In an aesthetic era that increasingly privileges perfection and modernity, leaving little space for error, I’m driven by the honesty of the ephemeral and the undeniably visceral response that film photography can inspire through the unaltered negative. Organic reactions, grain, light leaks, discoloration, and defective emulsion - preserved by-products of the development process.

Remaining loyal to this, I chose to leave the Sutro Baths photographic series unaltered. In preserving this authentic form, their sense of time and memory is retained. The representation of space through a camera-centric vision raises speculations despite this. The distinction between existence and abstraction - what does appear in the photos is a photographic rendering of space. While space is an illusion, time is real and accounted for.

The baths themselves are imbued with emotional information. On this dismal, clouded day, pockets of visitors explored this historic and desolate landscape. This grandiose venture begun by Adolf Sutro in 1896, went through numerous changes and expansions before a curious fire in 1966, while it was in the hands of developers in the process of demolishing it. What remains now is a field of concrete and metal - the foundations of what once was a magnificent glass structure and feat of engineering, with the tumultuous tides of the Pacific Ocean harnessed to fill the pools found at Sutro Baths.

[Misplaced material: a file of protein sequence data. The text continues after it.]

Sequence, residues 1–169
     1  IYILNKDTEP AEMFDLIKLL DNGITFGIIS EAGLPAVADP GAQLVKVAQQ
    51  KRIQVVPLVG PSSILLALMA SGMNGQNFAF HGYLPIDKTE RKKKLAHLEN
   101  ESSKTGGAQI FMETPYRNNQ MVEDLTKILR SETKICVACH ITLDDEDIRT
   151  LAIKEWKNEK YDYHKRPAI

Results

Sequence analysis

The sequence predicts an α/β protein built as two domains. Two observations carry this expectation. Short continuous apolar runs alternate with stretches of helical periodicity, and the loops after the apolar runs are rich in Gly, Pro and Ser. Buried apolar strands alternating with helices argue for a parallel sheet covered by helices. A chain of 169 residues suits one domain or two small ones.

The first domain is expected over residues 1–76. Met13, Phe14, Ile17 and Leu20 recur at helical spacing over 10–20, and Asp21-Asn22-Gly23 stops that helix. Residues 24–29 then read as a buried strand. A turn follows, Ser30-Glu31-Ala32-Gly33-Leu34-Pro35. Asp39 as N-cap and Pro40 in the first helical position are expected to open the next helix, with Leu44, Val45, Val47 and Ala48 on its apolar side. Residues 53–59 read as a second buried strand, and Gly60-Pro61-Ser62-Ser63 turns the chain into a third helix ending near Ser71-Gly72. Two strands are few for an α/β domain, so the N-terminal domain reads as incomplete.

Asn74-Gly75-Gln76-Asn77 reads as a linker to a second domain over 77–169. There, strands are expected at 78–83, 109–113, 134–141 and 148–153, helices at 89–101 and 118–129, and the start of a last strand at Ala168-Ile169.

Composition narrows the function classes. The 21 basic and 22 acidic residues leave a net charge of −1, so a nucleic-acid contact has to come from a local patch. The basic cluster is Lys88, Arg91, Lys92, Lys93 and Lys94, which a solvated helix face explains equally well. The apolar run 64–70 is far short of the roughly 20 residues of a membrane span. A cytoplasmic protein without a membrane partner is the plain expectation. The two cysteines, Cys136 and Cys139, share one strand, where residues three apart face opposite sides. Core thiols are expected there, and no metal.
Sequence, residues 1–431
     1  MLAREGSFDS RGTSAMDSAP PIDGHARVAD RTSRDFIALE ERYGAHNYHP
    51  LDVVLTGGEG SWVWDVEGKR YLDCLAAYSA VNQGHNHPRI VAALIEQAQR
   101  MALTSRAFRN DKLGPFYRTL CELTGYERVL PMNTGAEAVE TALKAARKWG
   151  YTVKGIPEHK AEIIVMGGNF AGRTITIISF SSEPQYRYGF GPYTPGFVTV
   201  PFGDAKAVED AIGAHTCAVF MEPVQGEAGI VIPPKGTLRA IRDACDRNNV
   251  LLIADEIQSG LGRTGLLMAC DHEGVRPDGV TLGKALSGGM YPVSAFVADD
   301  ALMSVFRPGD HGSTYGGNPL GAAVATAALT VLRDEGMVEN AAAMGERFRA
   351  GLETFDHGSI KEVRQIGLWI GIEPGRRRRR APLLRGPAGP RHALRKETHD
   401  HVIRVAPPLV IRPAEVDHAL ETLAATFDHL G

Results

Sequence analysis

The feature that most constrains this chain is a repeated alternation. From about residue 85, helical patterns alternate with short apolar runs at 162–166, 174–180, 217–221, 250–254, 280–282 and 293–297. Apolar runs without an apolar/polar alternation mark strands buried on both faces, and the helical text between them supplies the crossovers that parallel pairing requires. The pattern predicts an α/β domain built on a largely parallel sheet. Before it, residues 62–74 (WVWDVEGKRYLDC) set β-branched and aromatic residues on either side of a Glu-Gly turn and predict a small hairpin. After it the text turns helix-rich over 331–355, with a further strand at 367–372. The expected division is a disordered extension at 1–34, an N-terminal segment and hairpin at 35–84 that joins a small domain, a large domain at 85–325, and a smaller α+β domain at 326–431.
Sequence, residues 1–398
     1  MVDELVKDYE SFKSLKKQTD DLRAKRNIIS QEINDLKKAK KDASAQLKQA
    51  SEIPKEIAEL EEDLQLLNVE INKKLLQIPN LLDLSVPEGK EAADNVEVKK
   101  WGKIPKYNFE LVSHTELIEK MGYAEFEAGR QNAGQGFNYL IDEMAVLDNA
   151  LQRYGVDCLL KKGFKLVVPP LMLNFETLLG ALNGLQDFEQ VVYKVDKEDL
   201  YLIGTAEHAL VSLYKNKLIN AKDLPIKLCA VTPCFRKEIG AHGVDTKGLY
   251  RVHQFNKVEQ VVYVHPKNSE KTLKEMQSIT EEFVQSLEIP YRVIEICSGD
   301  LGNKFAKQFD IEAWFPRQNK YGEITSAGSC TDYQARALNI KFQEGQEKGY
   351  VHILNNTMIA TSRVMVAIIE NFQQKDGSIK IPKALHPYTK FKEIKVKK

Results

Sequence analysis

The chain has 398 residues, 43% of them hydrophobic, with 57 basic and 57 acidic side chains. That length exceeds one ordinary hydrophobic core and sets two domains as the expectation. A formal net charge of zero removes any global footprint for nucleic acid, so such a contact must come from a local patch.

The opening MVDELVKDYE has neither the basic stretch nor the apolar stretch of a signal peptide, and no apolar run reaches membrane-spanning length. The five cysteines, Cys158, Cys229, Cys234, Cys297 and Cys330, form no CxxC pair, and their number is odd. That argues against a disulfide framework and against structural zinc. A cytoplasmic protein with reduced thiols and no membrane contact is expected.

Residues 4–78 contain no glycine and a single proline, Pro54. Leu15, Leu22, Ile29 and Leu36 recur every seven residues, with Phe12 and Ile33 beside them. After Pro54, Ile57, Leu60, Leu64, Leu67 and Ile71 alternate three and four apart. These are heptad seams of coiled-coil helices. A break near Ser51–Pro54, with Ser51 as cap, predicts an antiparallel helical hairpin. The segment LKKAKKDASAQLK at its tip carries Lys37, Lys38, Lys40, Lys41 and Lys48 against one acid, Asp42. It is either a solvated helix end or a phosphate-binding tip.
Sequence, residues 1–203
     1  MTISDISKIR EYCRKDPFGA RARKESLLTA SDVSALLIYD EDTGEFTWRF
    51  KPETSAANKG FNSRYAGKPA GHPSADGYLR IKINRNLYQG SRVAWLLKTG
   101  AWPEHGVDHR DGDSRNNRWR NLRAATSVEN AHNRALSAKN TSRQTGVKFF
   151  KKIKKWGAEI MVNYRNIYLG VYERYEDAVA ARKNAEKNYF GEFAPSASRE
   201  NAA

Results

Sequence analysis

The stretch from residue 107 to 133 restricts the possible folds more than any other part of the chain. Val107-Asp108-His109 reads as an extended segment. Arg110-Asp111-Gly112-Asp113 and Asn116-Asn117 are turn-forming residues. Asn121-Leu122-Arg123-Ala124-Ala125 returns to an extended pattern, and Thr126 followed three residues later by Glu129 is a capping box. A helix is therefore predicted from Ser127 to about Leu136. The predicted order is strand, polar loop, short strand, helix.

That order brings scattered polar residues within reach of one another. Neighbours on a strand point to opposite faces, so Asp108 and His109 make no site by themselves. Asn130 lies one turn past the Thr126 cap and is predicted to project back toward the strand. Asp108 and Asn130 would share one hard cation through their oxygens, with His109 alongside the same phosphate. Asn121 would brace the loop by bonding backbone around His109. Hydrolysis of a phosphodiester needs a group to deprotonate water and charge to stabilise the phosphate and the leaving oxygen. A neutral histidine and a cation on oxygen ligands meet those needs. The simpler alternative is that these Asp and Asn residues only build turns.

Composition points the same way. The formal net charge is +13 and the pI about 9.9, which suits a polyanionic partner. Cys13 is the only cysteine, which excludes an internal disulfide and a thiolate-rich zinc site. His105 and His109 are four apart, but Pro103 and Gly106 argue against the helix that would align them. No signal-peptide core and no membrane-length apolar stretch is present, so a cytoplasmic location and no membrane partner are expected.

These ruins seem static, as if they are a fixed ending, made more so by the photographic medium. Of course, this is far from the truth. Time, the elements, the environment can attest to the crumbling terrain. The splendor that was Sutro Baths is still living and dying, giving us a sense of place and timelessness with each visit to Lands End.